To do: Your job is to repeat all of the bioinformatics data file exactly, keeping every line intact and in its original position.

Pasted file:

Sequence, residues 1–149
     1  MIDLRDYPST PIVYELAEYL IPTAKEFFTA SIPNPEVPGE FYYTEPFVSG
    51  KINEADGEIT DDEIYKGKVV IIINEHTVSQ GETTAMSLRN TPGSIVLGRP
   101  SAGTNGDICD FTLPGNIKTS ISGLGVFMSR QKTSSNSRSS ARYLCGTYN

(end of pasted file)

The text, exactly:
Sequence, residues 1–149
     1  MIDLRDYPST PIVYELAEYL IPTAKEFFTA SIPNPEVPGE FYYTEPFVSG
    51  KINEADGEIT DDEIYKGKVV IIINEHTVSQ GETTAMSLRN TPGSIVLGRP
   101  SAGTNGDICD FTLPGNIKTS ISGLGVFMSR QKTSSNSRSS ARYLCGTYN